at seven-month high, up 3% on flight to safety
Copper contract plunges amid
macro-level demand worries By Moming Zhou & Chris Oliver,
Last update: 11:51 a.m. EST Feb. 17, 2009
YORK (MarketWatch) -- Gold futures breached $970 an ounce
Tuesday, rising to the highest level in seven months as investors
seeking a safe haven against economic troubles bought into
Heightened risk aversion also pushed up the
U.S. dollar and Treasury prices, while oil futures and global
stock markets skidded. Safe-haven buying raised holdings in
the largest gold exchange-traded fund to a new record high
near 1,000 tons, according to latest data.
Gold for February delivery rose $28.80, or
3.1%, to $970.30 an ounce on the Comex division of the New
York Mercantile Exchange, the loftiest level for a front-month
contract since July.
onday's gain followed on gold's 3% increase
last week. The metal is now just about $33 below its record
high above $1,003 an ounce set in March 2008.
Meanwhile, the April gold contract traded
more actively, hitting $972 an ounce, up 3%.
"I think $1,000 is pretty much almost
in the cards here just given how strong the trend has been,"
said Brian Hicks, co-manager of the U.S. Global Investors
Global Resources Fund.
The strong demand for gold is "a reflection
of just how concerned investors are becoming about the ongoing
volatility in the equity market as well as the financial crisis,"
Gold holdings in SPDR Gold Shares, the largest
gold exchange-traded fund, rose 1.6% from a day ago to 985.86
tons on Friday, according to latest data. That's up more than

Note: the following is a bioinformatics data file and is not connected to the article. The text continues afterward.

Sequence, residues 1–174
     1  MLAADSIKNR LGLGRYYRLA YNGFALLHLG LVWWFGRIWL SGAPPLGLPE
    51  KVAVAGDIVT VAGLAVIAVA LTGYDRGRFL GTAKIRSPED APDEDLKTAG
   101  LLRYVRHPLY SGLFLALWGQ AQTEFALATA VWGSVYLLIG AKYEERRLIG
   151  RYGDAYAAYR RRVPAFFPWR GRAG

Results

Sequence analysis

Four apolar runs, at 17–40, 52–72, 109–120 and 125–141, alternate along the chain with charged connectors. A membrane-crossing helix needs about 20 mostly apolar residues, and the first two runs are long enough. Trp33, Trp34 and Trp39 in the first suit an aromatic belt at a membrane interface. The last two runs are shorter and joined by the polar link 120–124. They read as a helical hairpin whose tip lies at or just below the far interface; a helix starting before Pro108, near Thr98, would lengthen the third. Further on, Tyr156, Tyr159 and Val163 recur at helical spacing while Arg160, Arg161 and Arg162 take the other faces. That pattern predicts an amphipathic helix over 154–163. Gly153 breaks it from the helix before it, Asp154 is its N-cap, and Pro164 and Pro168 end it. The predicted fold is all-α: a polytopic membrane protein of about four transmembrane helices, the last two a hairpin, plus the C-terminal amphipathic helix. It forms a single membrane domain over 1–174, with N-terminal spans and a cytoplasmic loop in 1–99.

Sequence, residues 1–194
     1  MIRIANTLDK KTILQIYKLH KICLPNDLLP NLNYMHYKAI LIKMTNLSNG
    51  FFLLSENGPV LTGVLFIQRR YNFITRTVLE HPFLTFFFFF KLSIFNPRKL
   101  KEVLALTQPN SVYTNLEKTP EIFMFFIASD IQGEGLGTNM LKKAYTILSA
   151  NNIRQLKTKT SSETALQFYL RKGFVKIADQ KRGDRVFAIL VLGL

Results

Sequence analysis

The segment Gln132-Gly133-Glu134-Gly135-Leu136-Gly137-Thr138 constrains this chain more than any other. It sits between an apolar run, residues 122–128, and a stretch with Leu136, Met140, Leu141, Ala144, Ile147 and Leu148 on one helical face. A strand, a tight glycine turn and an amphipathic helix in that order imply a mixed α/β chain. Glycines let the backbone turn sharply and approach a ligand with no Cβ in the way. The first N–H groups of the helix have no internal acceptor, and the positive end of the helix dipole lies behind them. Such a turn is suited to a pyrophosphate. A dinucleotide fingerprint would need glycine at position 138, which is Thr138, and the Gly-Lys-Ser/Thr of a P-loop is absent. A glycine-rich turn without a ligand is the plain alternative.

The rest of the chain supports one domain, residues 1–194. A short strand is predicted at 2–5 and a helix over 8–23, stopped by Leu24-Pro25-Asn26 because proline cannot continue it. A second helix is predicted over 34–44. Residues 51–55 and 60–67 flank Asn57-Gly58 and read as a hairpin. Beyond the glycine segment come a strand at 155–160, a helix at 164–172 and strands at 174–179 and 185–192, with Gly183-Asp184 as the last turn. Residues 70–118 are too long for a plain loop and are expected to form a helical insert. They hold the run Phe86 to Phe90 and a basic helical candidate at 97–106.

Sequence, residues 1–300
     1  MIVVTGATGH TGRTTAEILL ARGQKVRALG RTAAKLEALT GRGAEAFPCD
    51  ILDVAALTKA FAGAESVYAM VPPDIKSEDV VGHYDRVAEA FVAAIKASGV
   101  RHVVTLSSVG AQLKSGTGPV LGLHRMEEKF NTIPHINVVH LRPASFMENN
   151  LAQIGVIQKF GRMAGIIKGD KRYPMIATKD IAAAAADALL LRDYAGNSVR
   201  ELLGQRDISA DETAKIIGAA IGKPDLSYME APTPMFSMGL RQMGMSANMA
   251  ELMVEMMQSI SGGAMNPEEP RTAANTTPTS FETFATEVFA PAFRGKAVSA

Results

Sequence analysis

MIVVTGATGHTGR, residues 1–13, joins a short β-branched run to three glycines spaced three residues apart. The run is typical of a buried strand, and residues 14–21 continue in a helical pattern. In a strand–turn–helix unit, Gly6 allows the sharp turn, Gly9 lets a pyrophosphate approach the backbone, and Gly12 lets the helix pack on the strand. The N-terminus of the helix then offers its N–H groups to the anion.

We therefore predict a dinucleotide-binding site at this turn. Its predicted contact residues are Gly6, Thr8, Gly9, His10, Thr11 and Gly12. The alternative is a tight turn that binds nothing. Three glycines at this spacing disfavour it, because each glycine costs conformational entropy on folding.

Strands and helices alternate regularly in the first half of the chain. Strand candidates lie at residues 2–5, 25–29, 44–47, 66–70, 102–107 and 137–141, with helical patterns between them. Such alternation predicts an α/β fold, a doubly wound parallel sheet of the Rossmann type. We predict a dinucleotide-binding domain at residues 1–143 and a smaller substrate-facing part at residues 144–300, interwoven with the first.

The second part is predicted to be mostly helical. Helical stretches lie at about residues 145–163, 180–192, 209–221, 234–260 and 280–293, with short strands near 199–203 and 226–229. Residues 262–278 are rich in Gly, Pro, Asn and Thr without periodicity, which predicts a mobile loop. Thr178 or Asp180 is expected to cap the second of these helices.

180 tons from a month ago.
The SPDR Gold Trust (GLD
95.63, +3.08, +3.3%) added 3% to $95.33.
In spot trading, the London afternoon gold-fixing
price -- a benchmark for gold traded directly between big
institutions -- stood at $968 an ounce Tuesday, up $25.50
from the previous day.
In other metals trading, March copper tumbled
7.4% to $1.425 a pound, while March silver rose 3.6% $14.11
an ounce. March palladium added 1.2% to $219 an ounce, and
the April contract for sister metal platinum rose 2.9% to
$1,091.70 an ounce.
U.S. stocks slumped Tuesday, with the Dow Jones Industrial
Average down more than 250 points. Asia and Europe shares
also moved lower, with the banking sector sliding on concerns
the global economic crisis is deepening.
Moody's Investors Service flagged concerns about European
banks' exposure to Eastern European economies.
"Gold is moving as the last phase of the crisis appears
to have started," said Martin Hennecke, associate director
with Tyche Group in Hong Kong.
Gold prices, which tend to move in opposite directions to
the U.S. dollar, have moved in tandem with the greenback recently,
as risk aversion lifted both the dollar and gold. The dollar
index (DXY: 87.77, +1.11, +1.3%) , which tracks the value
of the greenback against its major rivals, rose 0.4% to 87.515.
(GFI: 12.07, +0.90, +8.1%) rose 2.3% to $11.43.
In equities, shares of Barrick Gold Corp. (ABX: 38.81, +0.87,
+2.3%) , the world's largest gold-mining company, gained 1.6%
to $38.58, while Goldcorp Inc. (GG: 32.73, +0.98, +3.1%) added
2% to $32.35 and South Africa's Gold Fields Ltd.
The Amex Gold Bugs Index (HUI: 327.31, +16.15, +5.2%) , which
tracks the share prices of major gold companies, added 2.5%
The iShares Gold Trust ETF (IAU: 95.75, +3.14, +3.4%) also
rallied, up 3.1% to $95.43, while the iShares Silver Trust
ETF (SLV: 14.02, +0.48, +3.5%) rose 2.4% to $13.87
Moming Zhou is a MarketWatch reporter based in New York.
Chris Oliver is MarketWatch's Asia bureau chief, based in